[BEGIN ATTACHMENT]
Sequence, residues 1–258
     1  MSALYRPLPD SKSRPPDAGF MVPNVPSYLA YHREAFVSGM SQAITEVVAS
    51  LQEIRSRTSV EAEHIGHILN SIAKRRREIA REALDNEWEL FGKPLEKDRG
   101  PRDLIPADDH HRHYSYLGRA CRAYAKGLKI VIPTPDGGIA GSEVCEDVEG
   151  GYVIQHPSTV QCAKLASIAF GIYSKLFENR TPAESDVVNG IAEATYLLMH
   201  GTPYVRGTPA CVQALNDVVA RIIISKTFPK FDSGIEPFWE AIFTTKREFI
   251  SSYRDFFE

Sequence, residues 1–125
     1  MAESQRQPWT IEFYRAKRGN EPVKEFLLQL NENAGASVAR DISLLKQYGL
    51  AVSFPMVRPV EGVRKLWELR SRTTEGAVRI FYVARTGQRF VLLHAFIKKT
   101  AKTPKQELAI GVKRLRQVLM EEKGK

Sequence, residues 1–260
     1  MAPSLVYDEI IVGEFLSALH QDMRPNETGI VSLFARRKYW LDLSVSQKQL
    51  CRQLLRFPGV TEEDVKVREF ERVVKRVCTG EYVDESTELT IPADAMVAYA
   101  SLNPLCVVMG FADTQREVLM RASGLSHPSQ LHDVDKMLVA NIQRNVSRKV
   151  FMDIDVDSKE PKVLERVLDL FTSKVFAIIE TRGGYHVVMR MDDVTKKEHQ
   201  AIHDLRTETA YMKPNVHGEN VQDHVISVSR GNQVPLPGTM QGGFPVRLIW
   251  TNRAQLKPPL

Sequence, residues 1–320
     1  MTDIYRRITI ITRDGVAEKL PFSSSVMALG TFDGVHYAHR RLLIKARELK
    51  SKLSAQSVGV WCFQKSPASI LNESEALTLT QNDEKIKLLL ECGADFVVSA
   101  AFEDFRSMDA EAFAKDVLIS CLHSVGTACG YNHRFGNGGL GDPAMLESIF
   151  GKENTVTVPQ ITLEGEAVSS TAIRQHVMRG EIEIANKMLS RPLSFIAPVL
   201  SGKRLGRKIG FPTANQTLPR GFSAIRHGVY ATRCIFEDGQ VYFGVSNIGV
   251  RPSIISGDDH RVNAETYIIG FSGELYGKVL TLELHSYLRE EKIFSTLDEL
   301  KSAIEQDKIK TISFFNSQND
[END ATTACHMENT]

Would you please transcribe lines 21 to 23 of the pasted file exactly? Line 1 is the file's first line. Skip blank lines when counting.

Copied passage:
    51  SKLSAQSVGV WCFQKSPASI LNESEALTLT QNDEKIKLLL ECGADFVVSA
   101  AFEDFRSMDA EAFAKDVLIS CLHSVGTACG YNHRFGNGGL GDPAMLESIF
   151  GKENTVTVPQ ITLEGEAVSS TAIRQHVMRG EIEIANKMLS RPLSFIAPVL